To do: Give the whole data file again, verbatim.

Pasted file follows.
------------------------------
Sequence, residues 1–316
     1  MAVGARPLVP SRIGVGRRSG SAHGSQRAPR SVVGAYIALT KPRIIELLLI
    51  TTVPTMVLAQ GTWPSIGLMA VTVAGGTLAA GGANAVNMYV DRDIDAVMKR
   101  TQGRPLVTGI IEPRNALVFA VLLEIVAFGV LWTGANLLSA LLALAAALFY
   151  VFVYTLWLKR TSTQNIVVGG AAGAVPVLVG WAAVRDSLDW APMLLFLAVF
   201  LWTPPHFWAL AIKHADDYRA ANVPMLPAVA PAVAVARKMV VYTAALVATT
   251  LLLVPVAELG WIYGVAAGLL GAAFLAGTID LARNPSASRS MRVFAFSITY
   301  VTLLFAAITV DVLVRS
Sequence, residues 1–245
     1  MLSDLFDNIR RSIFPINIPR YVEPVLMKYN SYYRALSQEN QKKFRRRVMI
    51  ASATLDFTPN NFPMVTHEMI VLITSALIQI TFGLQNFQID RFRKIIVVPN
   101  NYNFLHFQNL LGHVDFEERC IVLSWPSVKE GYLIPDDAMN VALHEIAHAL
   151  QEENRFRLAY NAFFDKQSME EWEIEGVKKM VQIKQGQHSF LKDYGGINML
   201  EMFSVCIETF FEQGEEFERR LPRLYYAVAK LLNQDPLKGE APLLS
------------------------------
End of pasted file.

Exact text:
Sequence, residues 1–316
     1  MAVGARPLVP SRIGVGRRSG SAHGSQRAPR SVVGAYIALT KPRIIELLLI
    51  TTVPTMVLAQ GTWPSIGLMA VTVAGGTLAA GGANAVNMYV DRDIDAVMKR
   101  TQGRPLVTGI IEPRNALVFA VLLEIVAFGV LWTGANLLSA LLALAAALFY
   151  VFVYTLWLKR TSTQNIVVGG AAGAVPVLVG WAAVRDSLDW APMLLFLAVF
   201  LWTPPHFWAL AIKHADDYRA ANVPMLPAVA PAVAVARKMV VYTAALVATT
   251  LLLVPVAELG WIYGVAAGLL GAAFLAGTID LARNPSASRS MRVFAFSITY
   301  VTLLFAAITV DVLVRS
Sequence, residues 1–245
     1  MLSDLFDNIR RSIFPINIPR YVEPVLMKYN SYYRALSQEN QKKFRRRVMI
    51  ASATLDFTPN NFPMVTHEMI VLITSALIQI TFGLQNFQID RFRKIIVVPN
   101  NYNFLHFQNL LGHVDFEERC IVLSWPSVKE GYLIPDDAMN VALHEIAHAL
   151  QEENRFRLAY NAFFDKQSME EWEIEGVKKM VQIKQGQHSF LKDYGGINML
   201  EMFSVCIETF FEQGEEFERR LPRLYYAVAK LLNQDPLKGE APLLS